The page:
Rental With an Option To Buy? No Thanks, Not Usually

When you are moving to Spain you have three options really for your accommodation (or four if you bring a tent);

1) Purchase a property 2) Rent a property 3) Rent a property with a purchase option

The first option is fine, the second suits a lot of people too but the third presents problems peculiar to this type of contract and make coming to an agreement that suits both parties rather difficult at times. Let's look at the issues that can come up: a) The Contract: The rent to buy contract is more complicated than a simple rental contract as it has more conditions and includes clauses that need to be adhered to by both parties in the transaction that penalise one party and benefit the other. Some of these clauses are the length of the option, the upfront payment to guarantee the option, the amount payable per month, fluctuations in the market, clauses about responsibility for damage and insurance and the amount set aside against eventual price. There also need to be clauses in case of non payment of any current mortgage, against debts incurred on the property during the rental period, clauses about utility bills and services and responsibility towards any community. As you can see there is a lot to consider. Within these potential issues let's take a look at some of the major problems:

The Length of the Option - There are various reasons to have a rental with an option to buy contract, One of them involves the current lack of funding in Spain for purchase through mortgages. It is unknown how long this lack of funding may take to resolve itself and for mortgages to become more freely available. Therefore setting a fixed time period for a client who wants to get a mortgage is fraught with danger for the buyer who may easily lose their deposit and part payments made if they are unable to secure funding further down the line. An open time period means there may well be no escape from an indefinite situation for the seller. Finding a mutually convenient time period to exercise the option can therefore be difficult.

The Upfront Payment - Both parties need to be tied into an option contract for it to have any effect. It used to be that an option contract would always have an upfront payment that offsets the eventual price of the property, i.e, if the cost of the property is 200,000 Euros then the upfront payment may be 20,000 Euros and then there are monthly payments of 1000 Euros. If the property is then bought after a year then the final payment is 200,000 - 20,000 - any agreed discount from the monthly payment (More on that later) If both parties are not tied in through an upfront payment, which is becoming more normal these days, then there is little likelihood of completing a successful sale through the rent to buy contract because of the reasons given below in the Experience section. As a buyer it is in your interest to have a contract that benefits you without having to shell out an upfront payment on an option contract.

The Amount Payable Per Month - Oftentimes the monthly payments are discounted in their entirety from the full cost. However there are cases of the monthly payments only partially offsetting the cost. This is typical where there is a mortgage for example and part of the payment goes to cover the mortgage repayments or interest during the life of the option contract to guarantee no actions are taken from any bank to repossess a property and the payments are thus used for the right reasons. The actual terms and conditions of this clause are subject to detailed negotiation between the buyer and seller and cause no end of friction and arguments normally.

Fluctuations in the Market - If a contract time period is a couple of years or even longer there is a good chance that there will be movements in the market meaning that the set price is either too high (In a falling market) or too low in a rising market. Obviously whichever way the market moves benefits one party and penalises the other. This may cause a lack of goodwill in one of the parties making the eventual purchase more difficult to bring to a successful and happy conclusion.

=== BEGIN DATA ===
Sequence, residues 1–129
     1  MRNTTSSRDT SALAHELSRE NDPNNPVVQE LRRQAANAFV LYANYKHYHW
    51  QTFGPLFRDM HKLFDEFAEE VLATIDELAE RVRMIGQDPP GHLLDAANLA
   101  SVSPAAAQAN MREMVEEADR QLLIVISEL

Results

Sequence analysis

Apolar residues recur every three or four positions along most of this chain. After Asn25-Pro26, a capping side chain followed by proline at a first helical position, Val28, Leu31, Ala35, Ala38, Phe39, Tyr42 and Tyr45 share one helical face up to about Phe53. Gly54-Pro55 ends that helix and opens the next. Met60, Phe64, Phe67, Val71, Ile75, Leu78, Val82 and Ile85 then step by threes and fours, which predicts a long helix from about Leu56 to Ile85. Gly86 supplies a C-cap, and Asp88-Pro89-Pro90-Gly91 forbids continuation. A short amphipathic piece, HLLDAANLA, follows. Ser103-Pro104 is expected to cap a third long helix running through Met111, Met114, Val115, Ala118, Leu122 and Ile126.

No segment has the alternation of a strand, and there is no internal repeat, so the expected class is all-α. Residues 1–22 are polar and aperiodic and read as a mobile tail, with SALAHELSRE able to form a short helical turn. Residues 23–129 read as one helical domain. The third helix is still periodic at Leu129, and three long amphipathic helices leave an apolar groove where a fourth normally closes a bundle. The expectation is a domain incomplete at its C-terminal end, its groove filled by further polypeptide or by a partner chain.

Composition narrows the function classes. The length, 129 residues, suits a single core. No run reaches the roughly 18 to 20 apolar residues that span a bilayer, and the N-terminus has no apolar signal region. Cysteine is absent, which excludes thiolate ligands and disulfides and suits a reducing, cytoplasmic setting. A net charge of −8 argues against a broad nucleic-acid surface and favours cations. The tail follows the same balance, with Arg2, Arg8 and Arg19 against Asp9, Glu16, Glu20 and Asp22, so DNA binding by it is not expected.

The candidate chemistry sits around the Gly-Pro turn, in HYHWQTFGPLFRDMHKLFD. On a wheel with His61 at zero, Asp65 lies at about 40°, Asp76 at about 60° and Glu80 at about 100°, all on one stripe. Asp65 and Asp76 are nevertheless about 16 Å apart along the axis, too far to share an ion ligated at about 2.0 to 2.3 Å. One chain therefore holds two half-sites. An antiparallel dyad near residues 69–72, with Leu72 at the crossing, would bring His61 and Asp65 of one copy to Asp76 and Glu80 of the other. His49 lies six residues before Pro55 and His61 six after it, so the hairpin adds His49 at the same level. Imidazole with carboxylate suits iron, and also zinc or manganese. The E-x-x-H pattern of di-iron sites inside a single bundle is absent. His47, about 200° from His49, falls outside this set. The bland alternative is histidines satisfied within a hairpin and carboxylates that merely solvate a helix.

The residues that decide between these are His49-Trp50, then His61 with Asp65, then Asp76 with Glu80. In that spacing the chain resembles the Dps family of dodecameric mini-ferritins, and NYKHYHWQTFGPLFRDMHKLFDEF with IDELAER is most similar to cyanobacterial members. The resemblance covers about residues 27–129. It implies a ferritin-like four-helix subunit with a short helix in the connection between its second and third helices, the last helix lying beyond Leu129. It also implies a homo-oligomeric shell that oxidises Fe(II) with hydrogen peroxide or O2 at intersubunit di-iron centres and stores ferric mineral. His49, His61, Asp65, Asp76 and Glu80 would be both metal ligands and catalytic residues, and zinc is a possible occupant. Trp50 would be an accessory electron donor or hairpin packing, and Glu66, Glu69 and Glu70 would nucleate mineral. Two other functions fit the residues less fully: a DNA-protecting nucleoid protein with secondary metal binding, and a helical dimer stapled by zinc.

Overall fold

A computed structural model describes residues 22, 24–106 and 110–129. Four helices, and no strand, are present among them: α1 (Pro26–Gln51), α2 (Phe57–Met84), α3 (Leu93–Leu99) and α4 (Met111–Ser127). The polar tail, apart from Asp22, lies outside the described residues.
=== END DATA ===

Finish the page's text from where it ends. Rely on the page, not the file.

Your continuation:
b) The Cost: Rental usually costs more on an option contract because the contract means you are partially buying into the property and also the tenant may want to offset the final amount  to a greater extent. A property that can be rented for 1000 Euros may well cost 1500 Euros per month on an option contract so that the final amount is reduced by offsetting. If you are happy to overpay for a rental then fine. However it cannot be recommended as a great way to spend your money. c) The Experience: One of the things that can be guaranteed when somebody is renting with an option to buy is that they will find out about any hidden problems that the house may have or that problems will come up during the life of the rental. This will almost always scupper the option contract and the tenant will buy another property rather than the one they are living in (They never get to find out about the issues that the other property has, it just looks perfect). It is therefore quite pointless having a rental with option contract for the tenant because they will then lose the upfront payment if they do not complete and any part of the money that has been used for the rental cost during the time they spent there. The tenant may also do work on the property during their occupation of the house and this work may be for the benefit of the property or not (It all depends on taste) A botched attempt to change the kitchen for example may knock thousands off the value of the property and this all becomes a problem if the option isn't taken up. There need to be clauses in the contract about the ability to perform modernisations or work on the property while at the same time making sure that basic essential maintenance is always done. d) The Relationship: A medium or long term rental will almost always cause friction between landlord and tenant. A rent to buy contract may increase those problems ten fold because both parties believe the house to be theirs, in the case of the landlord rightly as the final payment hasn't been made and in the case of the tenant (wrongly) because they do not hold the deeds through having signed at a notary. However you will always find that they have bought into the property both monetarily and emotionally. Relationship issues will cause disagreements at the contract and completion level even if the contract is watertight. e) What Happens if...?: There will come a point in the life of the rent with an option to buy contract that the tenant decides they do not want to go through with the purchase. At that point they may still be living in the property of course but be actively searching for another property to buy. Access for the landlord to show the property to other potential parties is essential at this stage and that may well interfere with the tenants' daily lifestyle. At this stage you will most certainly find that the relationship between the two parties is at its most stretched because the landlord will be disappointed that the contract and sale will not be completed and may well be desperate to get the property really back on the market. For all of these reasons and a whole host more I really cannot recommend a rental with an option to buy contract. As a buyer if you really think you want a place but cannot afford it at the moment for whatever reason then do everything you can to convince the owner to do you a rental or find a way to finance the purchase. It will probably save a lot of problems going forward. As a buyer if you have no other option than to do a rent to buy option then make sure the upfront payment is minimal and you have the right to purchase the property at the stipulated price at any time during the contract. Also make sure that there are no other penalties if you do not complete apart from the loss of monthly payments made or any upfront payment that you may have made. Make sure that the contract is equivalent to an "Arras" contract not a "Compraventa" contract where you can be obliged to purchase the property. And finally don't worry too much. If there is pressure to do a rental with an option to buy contract then just walk away. There are plenty of properties available both for rent and purchase which would present you with fewer complications. And life in Spain is meant to be a lot simpler not fraught with complications and problems. Tranquilo! Spanish Contracts